Bring a waterproof camera for this one!

Cocos Island always amazes both suburbanites and urban city dwellers.

It is always camera-ready because of its beautiful feral ambiance.

For eco-tourism discovery and excursions, it is one of the best places in the world. One can see big pelagic in its water such as shark, whale, and rays. In a way, this makes it dangerous also; you have to protect yourself against large fishes as well while exploring its secrets.

Due to its attractions, this island was declared as a World Heritage Site by UNESCO, as it is hard to find another cave in the ocean with the same amount of attractions and tropical animals.

This Island and its cave system have enormous biological significance to the scientists; they can explore nature’s inner working inside it. But because of financial shortfalls and other challenges, it is hard to maintain the natural essence of this cave.

People, pigs, rats, and goats are continuously threatening the indigenous wildlife and destroying the entire atmosphere.

Luckily, the Costa Rican government perceives this issue and they are introducing new laws and working tirelessly to protect plants and animals of this Island and its cave system so that tourists and scientists can enjoy and explore things that are not common in the normal caves.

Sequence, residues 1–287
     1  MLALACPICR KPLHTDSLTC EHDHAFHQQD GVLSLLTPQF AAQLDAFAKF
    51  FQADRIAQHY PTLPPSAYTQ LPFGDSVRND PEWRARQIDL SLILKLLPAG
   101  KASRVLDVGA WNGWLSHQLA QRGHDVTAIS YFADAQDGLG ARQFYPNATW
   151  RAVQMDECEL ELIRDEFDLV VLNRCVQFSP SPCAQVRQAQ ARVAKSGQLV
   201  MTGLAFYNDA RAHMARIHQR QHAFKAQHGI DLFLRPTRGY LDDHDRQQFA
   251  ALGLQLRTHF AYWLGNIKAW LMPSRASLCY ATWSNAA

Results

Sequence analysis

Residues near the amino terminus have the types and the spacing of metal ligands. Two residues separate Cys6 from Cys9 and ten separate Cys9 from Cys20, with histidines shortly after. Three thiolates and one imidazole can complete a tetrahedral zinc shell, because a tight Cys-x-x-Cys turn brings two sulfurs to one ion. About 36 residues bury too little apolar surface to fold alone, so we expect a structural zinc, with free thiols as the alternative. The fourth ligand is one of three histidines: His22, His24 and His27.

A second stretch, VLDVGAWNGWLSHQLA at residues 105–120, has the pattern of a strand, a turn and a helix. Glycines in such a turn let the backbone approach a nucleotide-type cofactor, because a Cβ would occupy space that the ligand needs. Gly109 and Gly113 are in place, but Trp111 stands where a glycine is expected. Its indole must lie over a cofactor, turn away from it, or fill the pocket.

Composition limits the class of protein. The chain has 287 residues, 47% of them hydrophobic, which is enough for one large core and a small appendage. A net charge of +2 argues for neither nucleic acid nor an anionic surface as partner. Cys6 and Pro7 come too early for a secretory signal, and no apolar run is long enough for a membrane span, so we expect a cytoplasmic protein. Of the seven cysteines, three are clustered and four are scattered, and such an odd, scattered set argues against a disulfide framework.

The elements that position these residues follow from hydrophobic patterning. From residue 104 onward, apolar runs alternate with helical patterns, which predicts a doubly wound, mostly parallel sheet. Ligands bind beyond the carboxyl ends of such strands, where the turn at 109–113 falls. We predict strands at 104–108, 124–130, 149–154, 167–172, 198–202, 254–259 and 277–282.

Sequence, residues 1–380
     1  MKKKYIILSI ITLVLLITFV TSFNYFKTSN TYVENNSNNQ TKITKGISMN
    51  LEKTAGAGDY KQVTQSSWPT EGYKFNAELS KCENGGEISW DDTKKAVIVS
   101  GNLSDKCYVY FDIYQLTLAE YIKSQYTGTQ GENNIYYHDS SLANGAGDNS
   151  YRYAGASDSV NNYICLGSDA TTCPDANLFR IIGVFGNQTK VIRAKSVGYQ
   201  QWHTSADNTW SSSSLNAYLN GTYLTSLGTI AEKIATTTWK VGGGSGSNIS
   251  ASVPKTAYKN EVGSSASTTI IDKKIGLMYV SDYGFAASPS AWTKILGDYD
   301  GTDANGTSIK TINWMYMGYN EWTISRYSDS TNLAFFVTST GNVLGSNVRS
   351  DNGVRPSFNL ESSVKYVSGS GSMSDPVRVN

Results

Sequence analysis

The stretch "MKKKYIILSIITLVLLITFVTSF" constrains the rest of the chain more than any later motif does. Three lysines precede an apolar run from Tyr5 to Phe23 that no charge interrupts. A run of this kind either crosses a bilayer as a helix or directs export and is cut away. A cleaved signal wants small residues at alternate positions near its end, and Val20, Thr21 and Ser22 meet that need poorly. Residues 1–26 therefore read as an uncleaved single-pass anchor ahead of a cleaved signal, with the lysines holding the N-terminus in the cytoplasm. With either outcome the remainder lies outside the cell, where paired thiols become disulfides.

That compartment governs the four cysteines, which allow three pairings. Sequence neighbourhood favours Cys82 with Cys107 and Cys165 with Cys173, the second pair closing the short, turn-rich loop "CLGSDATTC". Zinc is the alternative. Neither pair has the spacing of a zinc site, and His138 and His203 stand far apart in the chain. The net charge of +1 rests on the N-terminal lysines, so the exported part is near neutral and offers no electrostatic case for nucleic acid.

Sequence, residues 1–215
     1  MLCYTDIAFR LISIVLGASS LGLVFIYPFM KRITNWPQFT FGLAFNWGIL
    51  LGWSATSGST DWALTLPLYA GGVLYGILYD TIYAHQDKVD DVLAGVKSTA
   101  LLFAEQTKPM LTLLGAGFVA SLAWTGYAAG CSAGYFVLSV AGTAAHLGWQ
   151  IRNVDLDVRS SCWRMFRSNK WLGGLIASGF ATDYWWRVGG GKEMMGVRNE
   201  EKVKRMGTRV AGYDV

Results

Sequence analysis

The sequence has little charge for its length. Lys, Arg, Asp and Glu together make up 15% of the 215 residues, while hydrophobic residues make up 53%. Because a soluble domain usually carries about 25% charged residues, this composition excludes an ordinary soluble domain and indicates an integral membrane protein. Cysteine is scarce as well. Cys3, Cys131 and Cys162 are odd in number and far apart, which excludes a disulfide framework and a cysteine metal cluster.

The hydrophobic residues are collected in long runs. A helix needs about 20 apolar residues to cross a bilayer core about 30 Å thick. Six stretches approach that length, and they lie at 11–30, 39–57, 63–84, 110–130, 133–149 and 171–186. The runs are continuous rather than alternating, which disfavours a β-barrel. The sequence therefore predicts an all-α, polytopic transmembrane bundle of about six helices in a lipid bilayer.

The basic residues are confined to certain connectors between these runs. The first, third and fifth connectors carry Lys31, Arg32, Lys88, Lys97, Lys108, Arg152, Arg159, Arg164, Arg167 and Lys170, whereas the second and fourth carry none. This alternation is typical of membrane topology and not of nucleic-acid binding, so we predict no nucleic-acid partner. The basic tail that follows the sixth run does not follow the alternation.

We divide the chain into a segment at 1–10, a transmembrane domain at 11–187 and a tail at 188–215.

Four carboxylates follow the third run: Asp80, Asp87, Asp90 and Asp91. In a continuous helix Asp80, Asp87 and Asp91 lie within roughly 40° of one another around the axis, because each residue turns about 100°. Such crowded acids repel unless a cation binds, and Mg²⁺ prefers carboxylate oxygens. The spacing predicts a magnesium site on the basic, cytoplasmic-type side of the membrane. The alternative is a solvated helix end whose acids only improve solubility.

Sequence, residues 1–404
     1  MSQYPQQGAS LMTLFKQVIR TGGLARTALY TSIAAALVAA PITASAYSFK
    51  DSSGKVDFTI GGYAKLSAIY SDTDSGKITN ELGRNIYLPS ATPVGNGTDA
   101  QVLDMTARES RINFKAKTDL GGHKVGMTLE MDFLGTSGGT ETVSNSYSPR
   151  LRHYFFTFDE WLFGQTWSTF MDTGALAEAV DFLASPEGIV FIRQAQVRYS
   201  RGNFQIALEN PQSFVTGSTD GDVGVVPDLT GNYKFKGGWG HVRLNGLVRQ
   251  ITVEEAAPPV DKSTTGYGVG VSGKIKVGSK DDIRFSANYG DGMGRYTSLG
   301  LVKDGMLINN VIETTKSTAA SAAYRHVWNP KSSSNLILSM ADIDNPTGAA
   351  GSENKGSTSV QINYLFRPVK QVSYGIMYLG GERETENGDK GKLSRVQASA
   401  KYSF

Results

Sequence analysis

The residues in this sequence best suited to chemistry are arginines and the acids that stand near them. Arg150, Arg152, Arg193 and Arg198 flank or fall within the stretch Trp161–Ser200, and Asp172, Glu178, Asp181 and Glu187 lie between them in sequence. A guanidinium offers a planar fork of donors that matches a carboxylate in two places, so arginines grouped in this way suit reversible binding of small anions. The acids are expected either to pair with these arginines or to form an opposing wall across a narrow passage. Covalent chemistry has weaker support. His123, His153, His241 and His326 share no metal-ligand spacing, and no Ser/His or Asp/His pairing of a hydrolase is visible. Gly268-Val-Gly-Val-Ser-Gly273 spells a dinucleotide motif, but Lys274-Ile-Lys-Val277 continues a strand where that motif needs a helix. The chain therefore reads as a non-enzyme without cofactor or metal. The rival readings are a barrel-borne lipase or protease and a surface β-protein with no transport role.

Therefore, the option of living on this island extends only to the Park Rangers.

It is not available as a camping site for civilians. The access of civilians is limited and they are allowed to stay on it only with the permission of the rangers. This also means you won’t find any hotels, hostels, or cabins for overnight stay. This place is accessible exclusively by boat.

Jacob’s Well

A diver explores a narrow passageway between two cliffs in Jacob's Well.
Perhaps not for the claustrophobic types..

The Jacob’s Well is a great diving spot for adventure-seeking divers. Its perfectly round shape looks like someone cut it out of solid rock.

The temperature of this well is 68 degrees Fahrenheit year-round.

Located in northwest Texas, Jacob’s Well has an average depth of 120 feet.  Hays County Parks Department manages the site, and you have to plan ahead; you will need a reservation. This place looks like an open tourist spot, but it is not. Swimming is only allowed during day times and only two hours can be allocated per reservation.

Many divers think this place provides serious fun and relief from the Texas heat; however, you might have to be a little crazy to take that jump.